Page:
Surgery for movement disorders: Complications and complication avoidance

G. Broggi, I. Dones, P. Ferroli, A. Franzini, S. Genitrini, B. M. Micon

Research output: Contribution to journalArticlepeer-review


The growing recognition of the limitation of drug therapy for Parkinson's disease and the recent advances in neuroimaging and stereotactic surgical techniques have led to a renaissance of surgery for movement disorders. Deep brain stimulation has become the key treatment of medically intractable Parkinson's disease, but lesioning procedures have also enjoyed renewed popularity. The efficacy and safety of unilateral pallidotomy and thalamotomy are well established. Deep brain stimulation offers an adaptive treatment, reducing morbidity of surgery and allowing a reversible lesion-mimicking method. Cerebral tap-related complications and infections are the most common complications of these procedures. In our and others' experience all side effects due to stimulation could be reverted by adjusting stimulation parameters or by switching the stimulator off. Unfortunately, targeting in surgery for movement disorders still remains a difficult and nonstandardized procedure. It requires intraoperative neurophysiological refinement to customize the target to the patient's anatomy. If the supposed relationship between accurate placement in the best anatomical site and positive outcome is successfully confirmed, all methods that facilitate targeting will be useful to avoid complications. The 20-year-long authors' experience in surgical treatment of movement disorders is reported, focusing on complications and complication avoidance.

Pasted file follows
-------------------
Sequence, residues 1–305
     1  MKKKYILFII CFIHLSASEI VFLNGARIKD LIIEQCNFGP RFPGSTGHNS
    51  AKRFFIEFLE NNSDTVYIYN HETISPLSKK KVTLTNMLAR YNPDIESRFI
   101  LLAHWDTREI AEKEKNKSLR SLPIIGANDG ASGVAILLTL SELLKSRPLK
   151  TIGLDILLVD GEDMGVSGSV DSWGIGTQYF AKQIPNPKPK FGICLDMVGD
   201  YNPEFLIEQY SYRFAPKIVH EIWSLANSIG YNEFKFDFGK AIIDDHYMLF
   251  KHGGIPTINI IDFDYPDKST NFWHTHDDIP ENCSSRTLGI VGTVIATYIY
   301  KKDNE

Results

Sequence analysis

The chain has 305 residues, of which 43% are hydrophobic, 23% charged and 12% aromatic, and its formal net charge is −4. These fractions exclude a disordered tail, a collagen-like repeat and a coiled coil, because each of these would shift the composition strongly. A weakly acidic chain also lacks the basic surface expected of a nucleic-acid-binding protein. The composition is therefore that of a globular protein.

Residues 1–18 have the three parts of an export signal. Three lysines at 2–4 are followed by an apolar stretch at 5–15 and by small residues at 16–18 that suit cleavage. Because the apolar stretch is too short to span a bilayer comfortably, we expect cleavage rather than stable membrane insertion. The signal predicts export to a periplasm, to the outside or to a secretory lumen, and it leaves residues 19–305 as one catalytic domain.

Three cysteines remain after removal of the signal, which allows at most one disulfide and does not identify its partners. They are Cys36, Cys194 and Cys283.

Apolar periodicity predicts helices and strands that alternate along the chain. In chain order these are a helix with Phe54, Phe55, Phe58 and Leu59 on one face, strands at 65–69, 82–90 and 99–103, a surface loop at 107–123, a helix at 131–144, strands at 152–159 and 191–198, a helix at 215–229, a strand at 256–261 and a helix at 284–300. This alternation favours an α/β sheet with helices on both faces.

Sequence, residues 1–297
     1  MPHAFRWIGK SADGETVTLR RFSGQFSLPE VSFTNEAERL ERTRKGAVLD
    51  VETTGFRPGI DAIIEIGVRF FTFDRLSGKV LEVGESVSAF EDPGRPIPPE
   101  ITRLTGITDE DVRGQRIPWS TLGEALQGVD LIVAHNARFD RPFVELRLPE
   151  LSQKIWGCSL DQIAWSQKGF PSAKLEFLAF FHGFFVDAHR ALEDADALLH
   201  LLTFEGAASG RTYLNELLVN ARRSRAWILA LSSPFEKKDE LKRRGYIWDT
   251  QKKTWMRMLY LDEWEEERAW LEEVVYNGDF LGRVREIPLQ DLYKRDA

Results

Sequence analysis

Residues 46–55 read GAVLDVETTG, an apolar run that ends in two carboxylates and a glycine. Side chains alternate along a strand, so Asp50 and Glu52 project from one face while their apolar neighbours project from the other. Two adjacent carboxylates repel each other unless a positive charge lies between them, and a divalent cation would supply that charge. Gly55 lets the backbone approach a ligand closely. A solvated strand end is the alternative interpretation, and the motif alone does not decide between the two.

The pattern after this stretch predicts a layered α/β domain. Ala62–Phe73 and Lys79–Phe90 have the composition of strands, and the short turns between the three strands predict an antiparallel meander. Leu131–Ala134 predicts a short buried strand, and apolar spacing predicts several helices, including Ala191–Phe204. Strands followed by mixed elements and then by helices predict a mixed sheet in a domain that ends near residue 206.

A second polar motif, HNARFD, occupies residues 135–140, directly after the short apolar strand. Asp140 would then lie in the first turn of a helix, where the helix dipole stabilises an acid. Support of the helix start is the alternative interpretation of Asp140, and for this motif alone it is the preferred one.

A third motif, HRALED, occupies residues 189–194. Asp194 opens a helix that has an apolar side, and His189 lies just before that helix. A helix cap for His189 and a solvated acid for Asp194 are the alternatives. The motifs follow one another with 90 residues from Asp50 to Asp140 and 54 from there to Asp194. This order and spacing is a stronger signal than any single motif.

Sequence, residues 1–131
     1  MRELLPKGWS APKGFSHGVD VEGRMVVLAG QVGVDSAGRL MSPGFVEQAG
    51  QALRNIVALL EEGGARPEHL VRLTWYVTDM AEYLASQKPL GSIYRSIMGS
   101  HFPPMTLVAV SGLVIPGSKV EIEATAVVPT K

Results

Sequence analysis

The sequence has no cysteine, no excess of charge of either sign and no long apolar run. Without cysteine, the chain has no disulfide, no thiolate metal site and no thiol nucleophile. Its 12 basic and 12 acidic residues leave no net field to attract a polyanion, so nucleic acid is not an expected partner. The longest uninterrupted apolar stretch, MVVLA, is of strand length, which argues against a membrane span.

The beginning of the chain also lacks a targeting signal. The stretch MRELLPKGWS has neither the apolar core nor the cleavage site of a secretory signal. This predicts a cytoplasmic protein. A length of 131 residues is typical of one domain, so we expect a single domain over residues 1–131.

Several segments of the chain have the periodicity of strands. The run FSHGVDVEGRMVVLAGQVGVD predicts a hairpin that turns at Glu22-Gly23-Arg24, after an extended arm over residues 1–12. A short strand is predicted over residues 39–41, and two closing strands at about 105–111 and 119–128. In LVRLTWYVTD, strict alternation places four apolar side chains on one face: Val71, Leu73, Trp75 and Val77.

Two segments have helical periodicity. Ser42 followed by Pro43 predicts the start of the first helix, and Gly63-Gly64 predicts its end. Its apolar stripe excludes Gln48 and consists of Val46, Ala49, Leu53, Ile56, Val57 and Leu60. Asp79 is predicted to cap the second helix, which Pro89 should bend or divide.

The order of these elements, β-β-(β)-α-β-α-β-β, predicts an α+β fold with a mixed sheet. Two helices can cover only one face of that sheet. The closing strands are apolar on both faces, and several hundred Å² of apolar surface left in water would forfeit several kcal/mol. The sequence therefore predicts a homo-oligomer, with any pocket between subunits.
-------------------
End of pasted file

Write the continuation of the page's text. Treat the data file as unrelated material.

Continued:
Original languageEnglish
Pages (from-to)225-231
Number of pages7
JournalSeminars in Neurosurgery
Issue number2
Publication statusPublished - 2001


  • Complications
  • Deep brain stimulation
  • Lesioning techniques
  • Movement disorders
  • Side effects

ASJC Scopus subject areas

  • Clinical Neurology


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